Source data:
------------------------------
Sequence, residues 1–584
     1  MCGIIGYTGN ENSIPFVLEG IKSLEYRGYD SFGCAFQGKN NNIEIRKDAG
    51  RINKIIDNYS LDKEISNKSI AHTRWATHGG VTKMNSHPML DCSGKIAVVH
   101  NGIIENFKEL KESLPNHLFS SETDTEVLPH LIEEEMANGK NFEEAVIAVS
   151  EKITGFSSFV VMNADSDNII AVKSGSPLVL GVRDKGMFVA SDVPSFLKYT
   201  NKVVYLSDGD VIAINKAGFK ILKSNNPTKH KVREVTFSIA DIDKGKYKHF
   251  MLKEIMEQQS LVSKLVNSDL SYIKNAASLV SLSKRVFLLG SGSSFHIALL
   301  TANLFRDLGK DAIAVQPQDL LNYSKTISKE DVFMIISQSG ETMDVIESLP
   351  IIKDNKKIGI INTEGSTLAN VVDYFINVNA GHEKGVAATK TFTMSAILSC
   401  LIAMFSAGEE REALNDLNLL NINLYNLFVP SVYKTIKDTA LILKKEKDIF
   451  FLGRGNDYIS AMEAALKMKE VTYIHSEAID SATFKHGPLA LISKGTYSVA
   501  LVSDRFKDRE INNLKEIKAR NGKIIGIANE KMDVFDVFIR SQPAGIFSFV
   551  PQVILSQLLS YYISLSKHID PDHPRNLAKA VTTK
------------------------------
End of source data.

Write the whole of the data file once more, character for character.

Sequence, residues 1–584
     1  MCGIIGYTGN ENSIPFVLEG IKSLEYRGYD SFGCAFQGKN NNIEIRKDAG
    51  RINKIIDNYS LDKEISNKSI AHTRWATHGG VTKMNSHPML DCSGKIAVVH
   101  NGIIENFKEL KESLPNHLFS SETDTEVLPH LIEEEMANGK NFEEAVIAVS
   151  EKITGFSSFV VMNADSDNII AVKSGSPLVL GVRDKGMFVA SDVPSFLKYT
   201  NKVVYLSDGD VIAINKAGFK ILKSNNPTKH KVREVTFSIA DIDKGKYKHF
   251  MLKEIMEQQS LVSKLVNSDL SYIKNAASLV SLSKRVFLLG SGSSFHIALL
   301  TANLFRDLGK DAIAVQPQDL LNYSKTISKE DVFMIISQSG ETMDVIESLP
   351  IIKDNKKIGI INTEGSTLAN VVDYFINVNA GHEKGVAATK TFTMSAILSC
   401  LIAMFSAGEE REALNDLNLL NINLYNLFVP SVYKTIKDTA LILKKEKDIF
   451  FLGRGNDYIS AMEAALKMKE VTYIHSEAID SATFKHGPLA LISKGTYSVA
   501  LVSDRFKDRE INNLKEIKAR NGKIIGIANE KMDVFDVFIR SQPAGIFSFV
   551  PQVILSQLLS YYISLSKHID PDHPRNLAKA VTTK